Resilient children learn to overcome everyday obstacles by not fearing failure. Mistakes are not something to be afraid of; they only give you a chance to try again. Think of it this way: People need to make mistakes to learn. If mistakes are thought of as learning tools, and not something to be ashamed of, there is no reason to fear them.
Remember to use your parenting tools: discipline, communication, modeling, family traditions and rituals, and problem-solving. are the backbone of your actions as a parent. Using these with natural parenting skills will help your child learn to be resilient.
You can help your child not become afraid of making mistakes by using your communication tools. First and foremost, your parenting tone needs to remain even and calm when your child makes a mistake. This is easier said than done when your four-year-old spills milk down the inside of your refrigerator and you're wondering why she was in there in the first place. Or your nine-year-old son has taken to riding his bike in the street and has somehow forgotten to look both ways when he crosses an intersection. Deep breaths and count backward from ten… or from one hundred.
Second, use I-messages to help your child label how she is feeling. "I understand that you are frustrated, but you may not jump off of the table." When your child labels her feelings, she can comprehend and control them better. She will be able to delay her impulses long enough to find a solution.
Last, but not least, use your active listening skills. In order for you to offer your child options as solutions, you need to understand the problem she is facing. You need to hear her. She needs your undivided attention. Ask her questions about what you don't understand and listen to her answers. When you feel you understand the problem, then offer solutions.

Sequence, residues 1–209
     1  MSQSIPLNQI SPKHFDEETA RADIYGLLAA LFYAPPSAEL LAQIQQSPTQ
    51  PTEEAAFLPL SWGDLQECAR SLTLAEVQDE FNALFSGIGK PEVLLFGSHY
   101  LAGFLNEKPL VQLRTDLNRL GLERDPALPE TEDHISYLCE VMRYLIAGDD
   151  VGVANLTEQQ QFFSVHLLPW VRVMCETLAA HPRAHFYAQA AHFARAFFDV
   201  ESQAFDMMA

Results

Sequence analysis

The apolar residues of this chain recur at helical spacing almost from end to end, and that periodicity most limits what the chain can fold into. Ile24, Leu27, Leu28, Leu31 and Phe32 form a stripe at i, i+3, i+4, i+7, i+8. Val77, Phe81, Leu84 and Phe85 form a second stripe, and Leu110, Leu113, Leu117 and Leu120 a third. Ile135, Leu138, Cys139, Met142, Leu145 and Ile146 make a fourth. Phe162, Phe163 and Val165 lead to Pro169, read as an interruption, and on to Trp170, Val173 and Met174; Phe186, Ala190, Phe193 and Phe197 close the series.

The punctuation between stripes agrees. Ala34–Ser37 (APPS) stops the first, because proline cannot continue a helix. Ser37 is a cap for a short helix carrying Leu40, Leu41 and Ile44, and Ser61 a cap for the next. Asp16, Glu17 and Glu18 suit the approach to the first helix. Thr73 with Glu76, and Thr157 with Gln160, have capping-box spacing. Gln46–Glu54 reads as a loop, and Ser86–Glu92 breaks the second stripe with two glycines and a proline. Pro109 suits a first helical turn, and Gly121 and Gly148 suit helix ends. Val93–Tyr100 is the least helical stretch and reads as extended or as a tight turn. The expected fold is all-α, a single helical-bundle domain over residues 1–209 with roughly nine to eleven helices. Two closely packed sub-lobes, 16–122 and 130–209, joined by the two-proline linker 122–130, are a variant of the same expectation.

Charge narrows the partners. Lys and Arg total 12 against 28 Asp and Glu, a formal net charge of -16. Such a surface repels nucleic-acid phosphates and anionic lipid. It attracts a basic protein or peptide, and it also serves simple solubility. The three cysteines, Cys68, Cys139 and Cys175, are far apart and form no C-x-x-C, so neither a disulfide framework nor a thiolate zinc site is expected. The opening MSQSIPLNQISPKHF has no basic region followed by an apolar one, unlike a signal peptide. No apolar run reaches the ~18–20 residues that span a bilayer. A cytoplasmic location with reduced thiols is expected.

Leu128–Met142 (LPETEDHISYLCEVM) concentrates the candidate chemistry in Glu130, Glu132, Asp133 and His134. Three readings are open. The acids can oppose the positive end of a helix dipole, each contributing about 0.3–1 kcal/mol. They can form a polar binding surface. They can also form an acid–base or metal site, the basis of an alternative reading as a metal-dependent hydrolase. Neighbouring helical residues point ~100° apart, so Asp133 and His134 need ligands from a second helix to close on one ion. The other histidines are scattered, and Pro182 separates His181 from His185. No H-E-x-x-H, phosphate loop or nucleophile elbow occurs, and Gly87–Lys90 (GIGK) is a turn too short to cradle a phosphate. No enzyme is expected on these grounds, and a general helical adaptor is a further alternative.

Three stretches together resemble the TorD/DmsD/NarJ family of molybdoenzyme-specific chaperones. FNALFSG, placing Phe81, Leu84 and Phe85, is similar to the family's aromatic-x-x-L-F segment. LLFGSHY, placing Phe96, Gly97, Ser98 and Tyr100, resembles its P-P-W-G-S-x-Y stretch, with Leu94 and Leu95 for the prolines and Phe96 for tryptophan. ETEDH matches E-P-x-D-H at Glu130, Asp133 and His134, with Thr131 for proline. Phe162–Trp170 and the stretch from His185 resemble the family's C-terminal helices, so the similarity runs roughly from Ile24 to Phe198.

There are times when you should not help your child with a problem. For instance, if your child simply doesn't want to face the challenge but needs to. In this instance, you need to allow your child to fail. Once he does, do not allow him to blame other people or external circumstances for his failure. Offer him solutions on how he can change the outcome the next time he faces a similar challenge. Support him by saying you know he is capable of succeeding and that you hope the next time he will try harder.
Overcoming Hard-Hitting Obstacles
Unfortunately, there are problems that can happen that no parent wants their child to face. But since you can't always prevent the challenges, you want to be sure your child is able to face the situations with the tools to get through. Resilient children are capable of facing these challenges and still, given time, live life with confidence in their abilities. They are able to bounce back from their trauma and still relate competently to others. They are able to succeed.
Of course, it takes time. Overcoming hard-hitting obstacles isn't like trying to complete a homework assignment. There are normal stages everyone needs to go through when faced with a life-altering trauma or a loss: denial, anger, bargaining, depression, and finally, acceptance. Resilient children are able to go through each of these stages and come out with strength of character and confidence in their abilities.